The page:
Canada Decides To Ground Boeing 737 MAX 8 and 9 Planes After Citing Safety Concerns

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Today, Canada became the latest country to decide to ground Boeing 737 MAX aircraft. It cited potential safety concerns after an Ethiopian Airlines Boeing MAX crashed last Sunday, killing all of the 157 passengers aboard.

The move means that the United States is currently the only major country where the planes are now operating.

Marc Garneau, the Transport Minister of Canada, informed a news conference that Ottawa would stop the 737 MAX 8 and 9 jets from leaving, arriving in or flying over the country.

He stated: “This safety notice is effective immediately and will remain in place until further notice.” He added that he had decided to act after receiving new information earlier in the day.

The ban is remarkable, since Canada normally works very closely with the Federal Aviation Administration (FAA) of the United States. Garneau said that there had been “absolutely no political pressure” from Washington after Canada notified it of the grounding.

He said that satellite data implied some similarities between the flight profiles of the Ethiopian jet and that of a Lion Air plane of the same type that crashed in Indonesia in 2018. Both of the planes crashed shortly after takeoff.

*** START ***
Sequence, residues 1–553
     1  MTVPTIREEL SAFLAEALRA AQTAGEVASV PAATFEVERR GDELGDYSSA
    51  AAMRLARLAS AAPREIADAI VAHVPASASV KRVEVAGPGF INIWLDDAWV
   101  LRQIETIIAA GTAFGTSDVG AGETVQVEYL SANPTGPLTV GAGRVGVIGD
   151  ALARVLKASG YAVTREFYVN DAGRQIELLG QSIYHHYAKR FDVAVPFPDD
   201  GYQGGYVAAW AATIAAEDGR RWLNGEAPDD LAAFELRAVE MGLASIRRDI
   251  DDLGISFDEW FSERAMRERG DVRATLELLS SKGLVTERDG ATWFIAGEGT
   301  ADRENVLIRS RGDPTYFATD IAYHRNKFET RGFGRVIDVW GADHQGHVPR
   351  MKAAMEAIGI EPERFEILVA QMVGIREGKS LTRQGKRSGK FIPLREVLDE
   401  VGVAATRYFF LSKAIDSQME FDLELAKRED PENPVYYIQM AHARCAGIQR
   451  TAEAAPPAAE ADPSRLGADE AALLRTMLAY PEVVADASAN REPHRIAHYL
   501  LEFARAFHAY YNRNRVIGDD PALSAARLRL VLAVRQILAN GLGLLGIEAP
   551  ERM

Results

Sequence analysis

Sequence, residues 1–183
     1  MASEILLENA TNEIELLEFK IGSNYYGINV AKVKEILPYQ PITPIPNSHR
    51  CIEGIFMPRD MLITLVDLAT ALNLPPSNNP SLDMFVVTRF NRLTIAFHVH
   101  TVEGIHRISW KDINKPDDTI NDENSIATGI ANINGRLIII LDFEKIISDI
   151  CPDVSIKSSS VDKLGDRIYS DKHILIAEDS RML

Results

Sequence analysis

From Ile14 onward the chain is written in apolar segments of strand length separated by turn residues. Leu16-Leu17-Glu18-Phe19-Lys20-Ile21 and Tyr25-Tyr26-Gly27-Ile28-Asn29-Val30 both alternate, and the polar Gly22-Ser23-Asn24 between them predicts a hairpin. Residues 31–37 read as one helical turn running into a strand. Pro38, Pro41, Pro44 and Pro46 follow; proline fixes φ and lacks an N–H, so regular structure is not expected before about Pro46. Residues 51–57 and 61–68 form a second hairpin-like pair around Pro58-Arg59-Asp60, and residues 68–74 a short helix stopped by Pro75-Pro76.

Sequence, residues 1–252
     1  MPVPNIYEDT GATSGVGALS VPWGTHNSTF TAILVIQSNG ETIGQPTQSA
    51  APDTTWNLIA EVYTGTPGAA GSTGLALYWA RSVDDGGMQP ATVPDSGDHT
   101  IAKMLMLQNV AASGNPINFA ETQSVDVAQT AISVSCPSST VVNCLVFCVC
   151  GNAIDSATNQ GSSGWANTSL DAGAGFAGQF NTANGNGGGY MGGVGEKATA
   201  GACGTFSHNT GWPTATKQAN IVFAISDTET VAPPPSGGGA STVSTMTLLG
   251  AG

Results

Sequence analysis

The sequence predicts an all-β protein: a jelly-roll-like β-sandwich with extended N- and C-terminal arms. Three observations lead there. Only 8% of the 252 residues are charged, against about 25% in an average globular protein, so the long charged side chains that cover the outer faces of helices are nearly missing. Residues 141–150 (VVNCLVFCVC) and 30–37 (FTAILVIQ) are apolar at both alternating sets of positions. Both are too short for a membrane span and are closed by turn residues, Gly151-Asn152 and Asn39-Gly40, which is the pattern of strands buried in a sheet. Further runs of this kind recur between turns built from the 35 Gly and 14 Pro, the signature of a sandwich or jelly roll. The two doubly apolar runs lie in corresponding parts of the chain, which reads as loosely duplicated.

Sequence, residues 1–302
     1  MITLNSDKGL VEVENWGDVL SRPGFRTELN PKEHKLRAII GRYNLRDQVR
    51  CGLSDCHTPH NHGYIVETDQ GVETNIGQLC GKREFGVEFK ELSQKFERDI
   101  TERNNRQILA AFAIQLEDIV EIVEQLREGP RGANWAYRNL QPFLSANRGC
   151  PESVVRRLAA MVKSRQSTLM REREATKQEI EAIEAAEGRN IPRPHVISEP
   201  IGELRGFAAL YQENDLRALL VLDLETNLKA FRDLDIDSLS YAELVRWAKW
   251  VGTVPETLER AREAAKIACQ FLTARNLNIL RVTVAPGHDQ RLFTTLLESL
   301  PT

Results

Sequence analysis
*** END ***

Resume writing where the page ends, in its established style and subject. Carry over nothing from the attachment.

He stated: “This is not conclusive, but it is something that points possibly in that direction and at this point, we feel that threshold has been crossed and that is why we are taking these measures.”

An official of the United States of America informed Reuters the FAA was aware of the satellite data that was cited by Garneau, however, it said that it was inconclusive.

Air Canada operates 24 Boeing 737 MAX jets. It said that it was working to re-book passengers as quickly as possible. On the other hand, rival WestJet Airlines Ltd, which operates 13 of the jets, said that it would comply with the order.

The Air Canada Pilots Association which represents over 4,000 commercial pilots, said that the decision was “important to ensure continued public confidence in aviation.”